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War in Iraq: Weather Forecasting

Aired March 26, 2003 - 03:30   ET


CAROL COSTELLO, CNN ANCHOR: We want to go to Bob Franken now. He's at an air base near the Iraq border.

Good morning, Bob. Question for you. I know that you've seen a lot of action over the course of the war, but the weather is quite nasty today. Is that affecting things?

BOB FRANKEN, CNN CORRESPONDENT: Oh is it. They -- for instance, in the last 24-hour reporting period, we're scheduled to have 300 flights come out of our air base. But the visibility was so bad it was cut by a third to under 200 and that has had an affect on the ground operations which, of course, themselves have been affected.

We, my cameraman, Jerry Simonson (ph), and I, were out with a group that was trying to get to this newly taken Iraq air base in the southern part of the country. Between the weather, which was stopping flights to some degree, and the fact that there was intense fire, we had to turn back. And so we are back here now and right in the middle of a sandstorm.

Now let us talk to the people who are tasked, to use the military term, to predict these things. These are two Air Force weather forecasters. Love to get the chance to talk to forecasters, except you guys are real right.

This is Sergeant Jared Ey and this is Sergeant Samuel Pugh.

We'll start with you, Jared. You were right on the money with this one, weren't you?

SGT. JARED EY, U.S. AIR FORCE METEOROLOGIST: I wouldn't say right on the money. I think we always miss a little -- a little bit of something. Yesterday, you know the winds were -- weren't quite as strong as we thought they'd be but pretty close. We got the rain, got the sand, I'd say we're pretty close -- sir.

FRANKEN: This is -- this is -- you're pretty popular around here because the weather is so important.

SGT. SAMUEL PUGH, U.S. AIR FORCE METEOROLOGIST: We definitely have been lately, that's for sure. Whenever the weather goes bad, we're pretty much the most popular people on base with all the questions and everything regarding how it's going to affect the mission. FRANKEN: Now one thing that I find very interesting, and we have a little instrument I want to show. First of all, I'll ask you, you were not getting good weather information from Iraq, but you're getting better weather information now, is that right?

EY: We're -- satellites are good to us.

FRANKEN: Yes, but you didn't have on-the-ground information, as I understand, and you do now. He's going to show us.

EY: We do have some more observations up there than we did in the past, yes -- sir.

FRANKEN: Well you know, Carol, how it is when the local weathercasters will say that up the road a piece they have somebody reporting in. Well that actually is what's going on in the military sense. As I understand it, Sam, now you have your meteorologist, which is what you are,...

PUGH: Sure (ph).

FRANKEN: ... meteorologist with the troops. And so they're able to send back information. And they use this instrument which is called...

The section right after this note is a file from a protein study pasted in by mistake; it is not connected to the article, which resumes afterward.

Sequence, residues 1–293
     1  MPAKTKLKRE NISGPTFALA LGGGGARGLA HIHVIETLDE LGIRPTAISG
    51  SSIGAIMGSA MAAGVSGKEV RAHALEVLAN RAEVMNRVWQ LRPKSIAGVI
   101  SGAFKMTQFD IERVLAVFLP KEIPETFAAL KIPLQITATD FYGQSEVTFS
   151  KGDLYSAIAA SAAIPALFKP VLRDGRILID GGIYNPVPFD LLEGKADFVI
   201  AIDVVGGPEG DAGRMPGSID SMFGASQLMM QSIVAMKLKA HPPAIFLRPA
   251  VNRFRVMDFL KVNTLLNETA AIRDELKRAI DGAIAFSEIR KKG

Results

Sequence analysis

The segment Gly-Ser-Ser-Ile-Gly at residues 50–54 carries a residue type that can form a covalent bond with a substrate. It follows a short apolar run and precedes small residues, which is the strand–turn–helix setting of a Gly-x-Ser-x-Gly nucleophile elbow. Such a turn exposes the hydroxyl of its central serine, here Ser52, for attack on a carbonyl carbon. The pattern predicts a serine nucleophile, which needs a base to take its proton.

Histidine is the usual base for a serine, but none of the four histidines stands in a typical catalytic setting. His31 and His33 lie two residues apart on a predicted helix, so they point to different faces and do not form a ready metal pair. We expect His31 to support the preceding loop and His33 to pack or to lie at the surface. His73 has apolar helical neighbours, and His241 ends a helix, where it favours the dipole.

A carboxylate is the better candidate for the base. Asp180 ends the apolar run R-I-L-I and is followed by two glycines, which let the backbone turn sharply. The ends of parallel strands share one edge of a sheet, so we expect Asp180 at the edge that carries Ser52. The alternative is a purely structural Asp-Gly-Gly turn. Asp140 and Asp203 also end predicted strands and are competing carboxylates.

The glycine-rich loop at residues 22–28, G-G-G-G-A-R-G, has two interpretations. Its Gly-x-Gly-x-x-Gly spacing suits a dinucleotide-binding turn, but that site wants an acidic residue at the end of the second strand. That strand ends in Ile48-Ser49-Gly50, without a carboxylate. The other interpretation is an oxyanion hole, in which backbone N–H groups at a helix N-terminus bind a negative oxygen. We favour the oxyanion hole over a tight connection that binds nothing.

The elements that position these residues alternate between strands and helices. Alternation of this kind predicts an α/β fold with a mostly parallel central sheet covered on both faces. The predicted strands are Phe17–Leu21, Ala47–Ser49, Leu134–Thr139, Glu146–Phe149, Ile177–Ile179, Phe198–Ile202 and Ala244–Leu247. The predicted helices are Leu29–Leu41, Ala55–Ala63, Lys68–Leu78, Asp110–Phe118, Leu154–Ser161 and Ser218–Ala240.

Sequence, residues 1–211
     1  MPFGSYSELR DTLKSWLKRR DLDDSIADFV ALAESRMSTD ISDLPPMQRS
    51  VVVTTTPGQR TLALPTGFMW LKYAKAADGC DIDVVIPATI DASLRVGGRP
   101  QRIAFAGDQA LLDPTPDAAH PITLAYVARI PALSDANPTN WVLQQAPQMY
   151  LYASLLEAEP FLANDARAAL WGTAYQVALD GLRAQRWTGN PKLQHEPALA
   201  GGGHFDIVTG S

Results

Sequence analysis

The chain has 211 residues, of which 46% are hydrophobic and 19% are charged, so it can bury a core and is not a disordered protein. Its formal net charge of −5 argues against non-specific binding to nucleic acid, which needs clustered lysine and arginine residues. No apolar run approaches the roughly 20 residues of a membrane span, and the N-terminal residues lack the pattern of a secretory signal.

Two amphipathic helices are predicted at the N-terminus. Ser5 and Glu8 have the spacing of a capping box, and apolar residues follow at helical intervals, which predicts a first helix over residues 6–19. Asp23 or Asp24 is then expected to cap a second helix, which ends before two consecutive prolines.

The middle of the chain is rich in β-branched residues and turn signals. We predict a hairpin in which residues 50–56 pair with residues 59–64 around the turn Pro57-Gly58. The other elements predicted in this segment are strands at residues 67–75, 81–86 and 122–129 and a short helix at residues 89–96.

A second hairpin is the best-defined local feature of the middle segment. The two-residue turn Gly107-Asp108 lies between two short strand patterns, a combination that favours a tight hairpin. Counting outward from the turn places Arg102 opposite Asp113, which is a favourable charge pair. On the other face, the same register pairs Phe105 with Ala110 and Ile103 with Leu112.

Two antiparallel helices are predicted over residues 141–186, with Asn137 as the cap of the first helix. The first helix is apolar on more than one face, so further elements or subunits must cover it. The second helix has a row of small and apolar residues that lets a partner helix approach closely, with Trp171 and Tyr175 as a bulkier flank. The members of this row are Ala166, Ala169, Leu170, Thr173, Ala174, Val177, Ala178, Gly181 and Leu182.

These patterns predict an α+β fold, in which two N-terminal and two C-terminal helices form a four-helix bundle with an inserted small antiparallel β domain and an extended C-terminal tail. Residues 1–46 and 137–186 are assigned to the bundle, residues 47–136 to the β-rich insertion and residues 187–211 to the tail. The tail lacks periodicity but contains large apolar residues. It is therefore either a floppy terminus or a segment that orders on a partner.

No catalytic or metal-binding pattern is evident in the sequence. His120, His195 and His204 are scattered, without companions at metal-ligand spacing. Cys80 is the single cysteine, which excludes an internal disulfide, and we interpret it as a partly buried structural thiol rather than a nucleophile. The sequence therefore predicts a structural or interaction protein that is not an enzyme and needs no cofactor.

PUGH: This is called a Kestrel 4000. They could be using an instrument similar to this. A very small, compact, give you a pretty wide variety of information from winds, even altimeter settings our aircraft can use and temperature, even heat stress. Will calculate for you things like that that the troops in the field can use and relay back to us for forecasts that we can provide for our customers and basically anybody in theater.

FRANKEN: You want to give us a tiny demonstration here?

PUGH: Well it's nothing too really exciting. I can pull up something here, push a couple of buttons, show you the temperature. I've got it set to wind speed right now, so it'll take me a second to get it back. Right now we're showing an altimeter setting of about 2988. The elevation is set right now at 438 feet, so that's the corrected pressure for our altitude.

FRANKEN: And this literally -- this little thing that goes around and around checks the wind speed, right?

PUGH: Exactly. Yes, that's exactly what it does. Just point it into the wind and hold it and get your readouts. It's pretty -- it's a little too simple to operate.

FRANKEN: And it's the kind of thing that is out there with the troops, a little bit of high technology.

All right, you see us on television and here is your chance, Mr. Weathercaster, to give the weather forecast for the next 24 hours.

EY: Next 24 hours, looking for dust, lots of dust. Iraq, Kuwait, Saudi, lots of dust throughout the whole entire hour. Have a bow (ph) pressure system moving through northern Iraq right now. Should give them some clouds and that's our forecast.

FRANKEN: And, Mr. Weathercaster 2, is it going to get better pretty soon?

PUGH: Slight improvement as far as visibility from this dust goes, but it's still just going to be dusty and windy for the next 24 hours anyway.

FRANKEN: Two points I want to make. No. 1, you see we're wearing jackets here, it's because it's cold. And we may as well saver this, because in less than a month, it's going to be extremely hot here and get hotter and hotter. The temperatures before they're through with the summer, I've been here, Carol, and they get to 130 degrees or so. It's not fun.

One other thing, one other bit of equipment that is a person's best friend in weather like this, it's these goggles. When you get out from out of these buildings, you've got to have them, particularly if you wear contact lenses like so many people do.

In any case, the weather forecast is here for the war to continue, at least for a while, hampered a bit by the sandstorm -- Carol.

COSTELLO: All right. Bob Franken, many thanks to you, very interesting. Great technology out there, isn't there?


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